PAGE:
Mel Brackstone introduced herself as an “old woman with a love of the surreal.” Her energy is palpable; with the soft delicacy in her photos, she comes across as an old soul that sees through young eyes. She is self taught and lives in Brisbane, Queensland, Australia, She discovered the Petzval Lens in 2014.
There’s nothing like the feeling of stumbling upon something and realizing how special it is. Mel Brackstone is a self-proclaimed amateur who shoots for the love of photography. She has developed a style all her own, following her eye and making art from her surroundings. She started with her Petzval 85 shooting botanical photos while caring for her aged mother. The time she eked out immersed in nature, watching flowers and catching their silhouettes in careful composition, shows her zest for life and art. She found the Petzval 85 Art Lens and has used it with a confidence many a professional photographer would envy.
Please tell us about how you started taking photographs?
I started taking photographs of my carnivorous plants, I wanted to capture macro shots. Once I realized shooting macro wasn’t quite so simple a thing, and expensive, with learning how to use a film SLR, I managed to get a hold of a Canon G2 camera, which set me off on a faster learning curve. Digital is so simple, and I was able to learn by doing, rather than taking notes and hoping to remember what I’d done by the time the film came back.
I have very little art or photography knowledge, and tend to stay away from mainstream media, so that left me working in a bit of a vacuum. I joined an online camera club in 2003 where I was able to get critique on my works, and the monthly competitions started me working even harder. I was slowed down by the compact camera, and after another compact (Canon Powershot Pro1) I bought a Canon 20D the day they were released here in Australia. With it, I ordered a 15mm fisheye, and a 28 – 135mm lens. I was still letting the camera do most of the work, so not learning much about shutter speeds or apertures, until I bought a Lensbaby 2.0 in 2005. That forced me to put the camera into Aperture mode, and meant it needed much more input from me. A revelation! My learning curve with the manual lens continued apace, meanwhile I’d also begun to practice with infrared, since the G2 was a perfect little camera for that.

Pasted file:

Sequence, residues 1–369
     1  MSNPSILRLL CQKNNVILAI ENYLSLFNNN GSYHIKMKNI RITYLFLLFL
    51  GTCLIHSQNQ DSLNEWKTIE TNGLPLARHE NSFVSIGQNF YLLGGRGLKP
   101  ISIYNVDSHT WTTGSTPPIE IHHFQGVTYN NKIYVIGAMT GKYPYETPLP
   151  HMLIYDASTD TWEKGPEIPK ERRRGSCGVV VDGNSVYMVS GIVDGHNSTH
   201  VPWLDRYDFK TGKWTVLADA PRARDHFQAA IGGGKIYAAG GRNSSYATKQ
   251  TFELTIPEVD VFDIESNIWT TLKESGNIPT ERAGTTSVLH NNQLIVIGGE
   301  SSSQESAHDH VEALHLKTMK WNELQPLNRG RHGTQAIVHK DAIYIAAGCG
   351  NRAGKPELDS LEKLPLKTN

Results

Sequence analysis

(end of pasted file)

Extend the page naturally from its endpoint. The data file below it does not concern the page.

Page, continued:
I only recently learned about Petzval lenses when I started to dabble in Wet Plate Collodion photography. The swirly bokeh was intriguing, and when I found I could buy a Petzval that fit on my DSLR, I was stoked.
Who are the artists, photographers, public figures, or loved ones who inspire you?
In the last couple of years I’ve discovered Julia Margaret Cameron’s work, and I have to say I love it. I’ve also gotten to know of Susan Burnstine and Susan de Witt, and so I’d say that they’re my heroes these days. Otherwise I was just finding my own way with equipment and inspiration. I love moody, atmospheric, surreal images….and the Petzval helps me attain those.
What was shooting with the Petzval like?
The first few images were taken in my garden, the botanical gardens nearby, and then in Tasmania, where the light is softer, and the rain is pretty constant.